A consequence of “climate change” is the measures to reduce CO2 emission by conserving energy use {energy efficiency} in buildings could cause measures to reduce the fresh air getting into the building. So roughly speaking, trying to make a building too “air tight”.
    As it is, indoor air is far more polluted then outside air as general matter.
    In addition one can have build up of CO2- People exhale 40,000 per million of CO2. And one also keep higher levels of virus and other biological pathogens in the indoor air.
    Or their needs to be intelligent action made in terms increasing energy efficiency of buildings, as you could do far more harm, than harmless increase in global CO2 levels. In world too close to global CO2 starvation, as compared to having too much global CO2.

  3. stpaulchuck says:

    CO2 comprises about 4% of “greenhouse” gases. Humans contribute about 3.5% of the total emissions (nature does the rest). If we accepted the prediction of a 4 degree temperature rise in the next 100 years or so [*cough**cough*] then killing every man, woman and child would reduce that by 0.035 x 0.04 x 4, or about 0.0056 degrees. I don’t think the planet will notice.

    Even if you prescribe 100% of the temperature rise to just the CO2 you’d have 0.035 x 4 = 0.14 degrees. Oh my! there goes their entire theory that my F150 and my lawn mower are going to incinerate the planet. OOOPS.

  4. oldbrew says:

    Treatment for hyperventilation syndrome is to breathe into a paper bag

    Would that work on climate alarmists?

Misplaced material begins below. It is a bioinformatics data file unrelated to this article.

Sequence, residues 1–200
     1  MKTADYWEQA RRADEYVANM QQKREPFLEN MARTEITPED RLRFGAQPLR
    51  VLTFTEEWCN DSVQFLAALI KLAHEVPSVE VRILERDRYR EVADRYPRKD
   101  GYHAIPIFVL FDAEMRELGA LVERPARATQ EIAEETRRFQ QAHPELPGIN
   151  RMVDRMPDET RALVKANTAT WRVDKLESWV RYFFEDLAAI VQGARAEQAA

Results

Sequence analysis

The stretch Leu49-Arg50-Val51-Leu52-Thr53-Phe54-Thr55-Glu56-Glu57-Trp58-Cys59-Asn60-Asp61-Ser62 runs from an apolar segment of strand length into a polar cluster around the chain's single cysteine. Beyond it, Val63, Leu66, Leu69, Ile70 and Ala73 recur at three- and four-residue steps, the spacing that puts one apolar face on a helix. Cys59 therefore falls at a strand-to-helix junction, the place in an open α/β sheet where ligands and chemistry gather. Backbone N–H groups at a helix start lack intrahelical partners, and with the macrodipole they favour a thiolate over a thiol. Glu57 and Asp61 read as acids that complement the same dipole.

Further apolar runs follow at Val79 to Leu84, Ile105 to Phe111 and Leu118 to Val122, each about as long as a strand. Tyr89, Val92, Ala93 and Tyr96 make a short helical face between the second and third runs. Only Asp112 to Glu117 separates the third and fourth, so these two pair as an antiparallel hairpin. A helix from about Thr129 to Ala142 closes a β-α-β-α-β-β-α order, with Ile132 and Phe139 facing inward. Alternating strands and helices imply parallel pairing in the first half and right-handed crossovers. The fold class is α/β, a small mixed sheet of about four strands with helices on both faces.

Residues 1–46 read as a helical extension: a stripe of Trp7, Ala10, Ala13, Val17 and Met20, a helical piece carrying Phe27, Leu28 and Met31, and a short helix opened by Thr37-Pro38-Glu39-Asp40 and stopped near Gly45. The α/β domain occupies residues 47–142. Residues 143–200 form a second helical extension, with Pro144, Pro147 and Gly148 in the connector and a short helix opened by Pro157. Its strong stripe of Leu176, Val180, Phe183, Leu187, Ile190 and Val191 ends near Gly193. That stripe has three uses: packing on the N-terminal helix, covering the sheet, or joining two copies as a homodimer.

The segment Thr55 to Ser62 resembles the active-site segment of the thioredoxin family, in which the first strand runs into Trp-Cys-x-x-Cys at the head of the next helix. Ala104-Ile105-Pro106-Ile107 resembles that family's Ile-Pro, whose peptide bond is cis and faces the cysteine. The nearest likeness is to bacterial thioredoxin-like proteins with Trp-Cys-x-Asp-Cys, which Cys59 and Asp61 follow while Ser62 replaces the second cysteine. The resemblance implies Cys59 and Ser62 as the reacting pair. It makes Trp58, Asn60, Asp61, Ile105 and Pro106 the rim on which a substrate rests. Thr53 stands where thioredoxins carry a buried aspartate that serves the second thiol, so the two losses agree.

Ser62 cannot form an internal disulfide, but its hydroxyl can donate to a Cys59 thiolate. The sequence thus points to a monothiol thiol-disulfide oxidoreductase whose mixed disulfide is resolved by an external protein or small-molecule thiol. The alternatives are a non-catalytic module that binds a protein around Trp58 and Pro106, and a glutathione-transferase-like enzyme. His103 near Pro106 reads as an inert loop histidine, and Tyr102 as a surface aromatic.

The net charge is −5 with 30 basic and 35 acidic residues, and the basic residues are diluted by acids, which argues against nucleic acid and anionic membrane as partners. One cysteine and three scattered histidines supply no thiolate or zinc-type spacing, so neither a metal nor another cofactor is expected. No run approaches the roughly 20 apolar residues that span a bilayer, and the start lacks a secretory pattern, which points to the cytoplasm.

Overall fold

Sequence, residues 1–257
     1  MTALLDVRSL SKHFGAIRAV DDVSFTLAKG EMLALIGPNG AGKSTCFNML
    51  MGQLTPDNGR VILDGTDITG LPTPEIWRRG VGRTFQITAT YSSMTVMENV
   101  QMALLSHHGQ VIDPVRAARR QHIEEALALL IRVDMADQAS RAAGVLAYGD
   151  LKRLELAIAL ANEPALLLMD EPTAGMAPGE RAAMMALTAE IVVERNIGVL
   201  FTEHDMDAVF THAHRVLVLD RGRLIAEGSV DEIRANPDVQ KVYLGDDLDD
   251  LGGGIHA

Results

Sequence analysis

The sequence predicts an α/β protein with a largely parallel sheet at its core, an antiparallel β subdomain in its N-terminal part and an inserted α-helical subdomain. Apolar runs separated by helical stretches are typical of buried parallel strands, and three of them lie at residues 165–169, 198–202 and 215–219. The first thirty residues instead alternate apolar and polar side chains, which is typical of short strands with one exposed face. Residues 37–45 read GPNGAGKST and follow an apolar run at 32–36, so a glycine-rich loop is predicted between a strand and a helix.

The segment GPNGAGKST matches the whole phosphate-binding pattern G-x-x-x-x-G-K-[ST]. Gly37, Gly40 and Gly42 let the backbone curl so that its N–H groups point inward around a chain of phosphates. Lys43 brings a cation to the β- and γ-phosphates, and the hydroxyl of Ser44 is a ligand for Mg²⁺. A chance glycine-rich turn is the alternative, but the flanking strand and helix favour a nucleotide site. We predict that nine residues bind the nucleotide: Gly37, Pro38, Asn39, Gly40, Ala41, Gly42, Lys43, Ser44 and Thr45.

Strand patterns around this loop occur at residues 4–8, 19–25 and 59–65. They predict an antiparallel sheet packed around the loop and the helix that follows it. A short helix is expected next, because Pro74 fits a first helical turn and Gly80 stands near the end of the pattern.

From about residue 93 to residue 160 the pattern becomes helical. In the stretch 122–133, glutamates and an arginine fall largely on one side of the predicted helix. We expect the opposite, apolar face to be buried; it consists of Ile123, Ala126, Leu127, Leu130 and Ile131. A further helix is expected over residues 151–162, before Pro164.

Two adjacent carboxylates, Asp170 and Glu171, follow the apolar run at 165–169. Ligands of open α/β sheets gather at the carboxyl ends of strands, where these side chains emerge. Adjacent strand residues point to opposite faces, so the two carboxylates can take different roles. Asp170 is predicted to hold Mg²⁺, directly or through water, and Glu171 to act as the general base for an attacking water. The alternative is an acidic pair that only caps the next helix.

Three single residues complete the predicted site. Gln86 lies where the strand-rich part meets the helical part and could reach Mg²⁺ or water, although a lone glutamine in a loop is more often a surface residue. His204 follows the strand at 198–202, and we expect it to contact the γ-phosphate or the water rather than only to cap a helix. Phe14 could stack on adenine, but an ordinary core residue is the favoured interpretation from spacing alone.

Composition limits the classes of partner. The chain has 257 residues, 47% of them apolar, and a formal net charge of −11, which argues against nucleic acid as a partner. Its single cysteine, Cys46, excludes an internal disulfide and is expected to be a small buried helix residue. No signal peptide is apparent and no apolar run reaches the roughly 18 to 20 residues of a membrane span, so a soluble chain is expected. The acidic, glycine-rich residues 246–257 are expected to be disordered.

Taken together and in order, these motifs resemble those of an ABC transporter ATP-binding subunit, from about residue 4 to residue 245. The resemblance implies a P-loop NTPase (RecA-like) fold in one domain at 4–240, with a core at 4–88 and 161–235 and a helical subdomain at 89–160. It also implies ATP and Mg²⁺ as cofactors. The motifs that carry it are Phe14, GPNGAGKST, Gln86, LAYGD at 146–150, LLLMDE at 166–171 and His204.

5. ivan says:

    Sorry oldbrew but I very much doubt it although sticking their head in a bucket of ice water might.

    The unfortunate thing is that climate alarmists are so brainwashed I don’t think anything will get through to them, not even ice sheets moving down over the country.

  6. Quinn says:

    Indoor concentration of CO2 is an entirely different concern than overall atmospheric CO2 levels and I think you are conflating the two concerns here.
    Tackling overall global atmospheric concentration of CO2 is about the amount of heat that the earth retains from the sun, and even small increases on CO2, well below what would affect oxygen concentration in blood, can drastically affect the equilibrium temperature of the planet.
    Although, plants do consume CO2, it is also true that humans are removing some of that very plant matter to make way for more things that produce CO2.
    I am not recommending we abandon all CO2 production, but I do suggest we forecast a likely future and plan to change our collective behavior as a result

    [mod] moderation is delayed sometimes

  7. cognog2 says:

    Pity the university has not been named; but I suppose that is risky as these Universities have lots of money for litigation and are jealous of their reputation.
    It is amazing that such blatant ignorance abounds in such institutions.

  8. Tom Williams says:

    How about the recent discovery in Scandanavia of Viking artifacts exposed by the receding glaciers? Proof that climate was similar to today 1000 years ago. The Little Ice Age was in between. The Climate Change cult will ignore that while emphasizing the Arctic “heat wave” – which is not unprecedented. Displacement of hot and cold air within the planet happens all the time.

  9. oldbrew says:

    Quinn says: even small increases on CO2, well below what would affect oxygen concentration in blood, can drastically affect the equilibrium temperature of the planet.

    Which has never been proved or supported by observations, however much climate alarmists make their assertions.